The U.S. may be "wounded, tetchy and less effective than it should be," the editors say but "America us still the power that counts."

("Tetchy" is apparently the Queen's English for "irritable" or "peevish" and probably comes from Middle English tecche, "a bad habit," from Old French tache, teche, "a spot or stain," or from close observation of our president's news conferences.) In fact, The Economist admits that the U.S. has been weakened globally since President Bush arrived in office thanks to  a range of missteps from bumbling diplomacy, to strategic blunders in Iraq, the embarrassment of Abu Ghraib, and slowness to tackle climate change.

But the magazine is also quick to point out that Bush's impact on America's reputation has been exaggerated. "America did not enjoy untrammelled influence abroad before he arrived," it points out. "The country that won the cold war also endured several grievous reverses, notably Vietnam (where 58,000 Americans were killed—16 times the figure for Iraq). Iran has been defying America since Jimmy Carter's presidency, and North Korea for a generation before that. As for soft power, France has been complaining about Coca-Cola and Hollywood for nearly a century."

But a superpower's strength "lies as much in what it can prevent from happening as in what it can achieve," says The Economist. "In all sorts of areas—be it the fight against global warming or the quest for an Arab-Israeli peace—America is quite simply indispensable."

That's where The Economist may have gone off the the track a bit -- maybe these problems can't be solved without America, but America can't solve them alone either.  The biggest problems we face -- terrorism, nuclear proliferation, avian flu, counterfeiting, you name it -- all require the cooperation of other nations. Our hard, military power demonstrably can't win their help. Only our soft power can. And that is what we have lost in recent years.   

That said, The Economist's bottom line is appropriately optimistic: "If America were a stock, it would be a 'buy': an undervalued market leader, in need of new management. But that points to its last great strength. More than any rival, America corrects itself. Under pressure from voters, Mr Bush has already rediscovered some of the charms of multilateralism; he is talking about climate change; a Middle East peace initiative is possible. Next year's presidential election offers a chance for renewal. Such corrections are not automatic: something (a misadventure in Iran?) may yet compound the misery of Iraq in the same way Watergate followed Vietnam. But America recovered from the 1970s. It will bounce back stronger again."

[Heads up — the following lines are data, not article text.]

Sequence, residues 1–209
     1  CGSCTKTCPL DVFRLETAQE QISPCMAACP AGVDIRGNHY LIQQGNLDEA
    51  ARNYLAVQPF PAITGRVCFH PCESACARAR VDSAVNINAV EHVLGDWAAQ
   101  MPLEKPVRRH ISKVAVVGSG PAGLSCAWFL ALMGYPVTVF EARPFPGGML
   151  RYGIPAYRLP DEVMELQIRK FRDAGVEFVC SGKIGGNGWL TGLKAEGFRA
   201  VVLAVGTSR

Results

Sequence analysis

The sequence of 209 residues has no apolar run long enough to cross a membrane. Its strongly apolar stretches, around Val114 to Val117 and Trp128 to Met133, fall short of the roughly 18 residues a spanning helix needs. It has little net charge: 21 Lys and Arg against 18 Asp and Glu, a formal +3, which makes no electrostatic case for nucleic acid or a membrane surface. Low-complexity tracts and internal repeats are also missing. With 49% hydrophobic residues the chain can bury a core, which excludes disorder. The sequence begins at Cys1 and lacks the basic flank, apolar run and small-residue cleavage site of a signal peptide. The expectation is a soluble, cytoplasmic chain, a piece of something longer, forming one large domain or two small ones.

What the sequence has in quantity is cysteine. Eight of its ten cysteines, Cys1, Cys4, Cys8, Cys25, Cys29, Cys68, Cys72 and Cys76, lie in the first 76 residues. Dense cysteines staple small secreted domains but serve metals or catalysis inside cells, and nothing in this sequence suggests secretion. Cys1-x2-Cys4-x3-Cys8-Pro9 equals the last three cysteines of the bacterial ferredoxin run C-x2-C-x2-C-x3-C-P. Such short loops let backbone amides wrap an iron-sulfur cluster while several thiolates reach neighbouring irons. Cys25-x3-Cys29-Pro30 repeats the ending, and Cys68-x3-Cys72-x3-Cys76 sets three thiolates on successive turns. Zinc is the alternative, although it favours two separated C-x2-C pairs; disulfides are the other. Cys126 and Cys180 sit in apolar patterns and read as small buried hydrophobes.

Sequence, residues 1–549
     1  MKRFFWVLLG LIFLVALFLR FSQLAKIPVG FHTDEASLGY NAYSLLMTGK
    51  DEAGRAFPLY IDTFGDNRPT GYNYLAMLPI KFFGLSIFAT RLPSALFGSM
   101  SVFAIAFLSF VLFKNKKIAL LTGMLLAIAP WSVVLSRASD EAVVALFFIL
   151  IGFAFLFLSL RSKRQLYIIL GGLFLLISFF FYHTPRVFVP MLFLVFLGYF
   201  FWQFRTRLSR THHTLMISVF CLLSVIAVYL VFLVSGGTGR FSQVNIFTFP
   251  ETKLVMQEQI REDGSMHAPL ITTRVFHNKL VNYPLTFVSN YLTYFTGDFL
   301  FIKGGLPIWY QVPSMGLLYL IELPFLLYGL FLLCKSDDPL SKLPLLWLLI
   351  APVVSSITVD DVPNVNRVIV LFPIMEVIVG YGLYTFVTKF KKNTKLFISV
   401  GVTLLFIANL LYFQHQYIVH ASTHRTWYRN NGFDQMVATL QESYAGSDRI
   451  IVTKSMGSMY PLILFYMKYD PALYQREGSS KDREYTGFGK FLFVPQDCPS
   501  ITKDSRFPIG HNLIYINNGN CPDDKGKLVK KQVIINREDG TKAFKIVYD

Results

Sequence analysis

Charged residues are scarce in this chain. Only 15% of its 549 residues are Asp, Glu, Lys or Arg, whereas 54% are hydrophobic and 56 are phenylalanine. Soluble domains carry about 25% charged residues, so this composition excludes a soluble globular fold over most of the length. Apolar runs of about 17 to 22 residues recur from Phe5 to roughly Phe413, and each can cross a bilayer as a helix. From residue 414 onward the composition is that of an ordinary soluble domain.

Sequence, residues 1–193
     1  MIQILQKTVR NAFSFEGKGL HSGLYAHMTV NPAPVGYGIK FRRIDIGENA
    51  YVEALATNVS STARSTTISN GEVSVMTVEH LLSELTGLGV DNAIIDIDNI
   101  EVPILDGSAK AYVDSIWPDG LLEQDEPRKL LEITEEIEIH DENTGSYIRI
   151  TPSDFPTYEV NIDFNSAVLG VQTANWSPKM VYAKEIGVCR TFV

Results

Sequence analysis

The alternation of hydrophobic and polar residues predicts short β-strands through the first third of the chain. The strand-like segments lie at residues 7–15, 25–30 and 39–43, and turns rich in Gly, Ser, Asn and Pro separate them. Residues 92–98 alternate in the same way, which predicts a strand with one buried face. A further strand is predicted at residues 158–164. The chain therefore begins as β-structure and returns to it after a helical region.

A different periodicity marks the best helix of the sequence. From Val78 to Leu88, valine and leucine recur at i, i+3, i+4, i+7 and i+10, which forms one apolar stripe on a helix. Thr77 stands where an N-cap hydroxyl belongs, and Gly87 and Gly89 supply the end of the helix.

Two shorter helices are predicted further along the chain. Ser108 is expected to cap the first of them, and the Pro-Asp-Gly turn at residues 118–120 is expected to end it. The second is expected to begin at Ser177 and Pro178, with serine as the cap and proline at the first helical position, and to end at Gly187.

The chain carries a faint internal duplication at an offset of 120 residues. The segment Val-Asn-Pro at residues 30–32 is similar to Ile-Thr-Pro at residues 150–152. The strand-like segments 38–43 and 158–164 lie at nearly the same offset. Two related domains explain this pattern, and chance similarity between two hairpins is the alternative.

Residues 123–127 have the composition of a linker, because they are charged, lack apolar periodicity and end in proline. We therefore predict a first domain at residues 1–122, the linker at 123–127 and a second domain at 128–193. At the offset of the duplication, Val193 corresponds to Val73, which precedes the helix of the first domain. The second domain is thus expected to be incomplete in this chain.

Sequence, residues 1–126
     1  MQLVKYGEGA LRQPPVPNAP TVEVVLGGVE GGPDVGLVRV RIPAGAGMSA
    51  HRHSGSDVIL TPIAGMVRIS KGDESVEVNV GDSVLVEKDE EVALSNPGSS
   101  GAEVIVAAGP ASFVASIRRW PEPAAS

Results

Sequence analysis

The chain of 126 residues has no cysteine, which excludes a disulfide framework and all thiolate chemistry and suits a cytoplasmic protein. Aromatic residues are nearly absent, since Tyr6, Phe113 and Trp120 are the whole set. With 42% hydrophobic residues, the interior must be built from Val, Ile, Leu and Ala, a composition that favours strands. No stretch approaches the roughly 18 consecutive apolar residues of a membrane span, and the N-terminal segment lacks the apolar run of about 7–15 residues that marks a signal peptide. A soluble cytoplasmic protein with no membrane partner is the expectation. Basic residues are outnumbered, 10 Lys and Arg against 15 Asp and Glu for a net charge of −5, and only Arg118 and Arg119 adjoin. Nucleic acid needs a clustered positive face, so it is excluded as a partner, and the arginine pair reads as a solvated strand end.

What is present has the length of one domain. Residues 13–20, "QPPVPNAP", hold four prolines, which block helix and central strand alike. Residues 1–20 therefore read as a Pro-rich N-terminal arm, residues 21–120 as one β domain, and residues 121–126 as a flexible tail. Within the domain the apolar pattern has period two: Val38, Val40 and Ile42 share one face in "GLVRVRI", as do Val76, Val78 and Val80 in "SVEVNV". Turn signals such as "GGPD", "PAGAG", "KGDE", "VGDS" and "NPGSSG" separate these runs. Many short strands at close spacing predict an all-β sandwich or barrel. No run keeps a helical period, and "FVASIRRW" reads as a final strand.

Department of Half A Loaf

It looks like efforts to block full-scale reform of immigration policy succeeded. The bill's opponents had all the subtlety of a Quentin Tarantino movie, but their "Kill the Bill" message registered with  senators leery of getting on the wrong side of an ill-informed but emotional constituency -- including two Republicans who sponsored it in the first place. The Senate failed to close debate on the bill, which effectively means it will never come to vote. Shamnestykill

But on the theory that half a loaf is better than none, some of the immigration bill's sponsors should consider folding some of their proposals into new legislation recently proposed by Sen. Byron Dorgan, the North Dakota Democrat who, along with Sen. Ted Stevens, R-Alaska, and Sen. Daniel Inouye, D-Hawaii, proposed the Travel Promotion Act of 2007.

The Dorgan bill - S. 1661 - would create a new travel promotion campaign funded equally by a fee on overseas travelers and contributions from the U.S. travel industry. The campaign would be run by an independent, non-profit corporation. In addition to promoting the United States as a travel destination, it would explain U.S. security policies and improve visa/entry practices.

The Travel Promotion Act was approced by the the U.S. Senate Committee on Commerce, Science and Transportation yesterday. It includes provisions that would:

  • authorize the State Department to explore visa interviews by videoconference where appropriate;
  • authorize the State Department to explore mobile visa operations where appropriate and secure;
  • require the State Department to report what it needs to meet the 30-day standard for visa interview wait times;
  • authorize a "Model Ports" program at the nation’s top 20 international arrival airports;
  • authorize 200 more Customs and Border Protection officers at these top 20 airports; and
  • authorize the creation of an international registered traveler program to expedite the secure screening of arriving travelers.

The proposed act is gathering broad bi-partisan support. A call to your senator would help. 

Confucius Institute

China plans to establish 500 "Confucius Institutes" around the world.Confucious_institute They already have 12 institutes at U.S. universities and have even established one in the Chicago public school system. The institutes appear to be modeled after l'Alliance Francaise, the Cervantes Institute, the British Council, the Goethe Institute, etc. with language-training as their lead offering. But the Confucius Institute's charter is even broader, including access to Chinese movies and media, meetings with Chinese officials, organized tours, etc. Wired magazine did a story on the initiative last year.  

It's interesting that the Chinese named their new public diplomacy effort after the ancient philosopher since that country has been trying to squelch Confucianism since the time of Mao. Their research probably told them that Confucius is widely known and respected outside China and has no overt political connotations.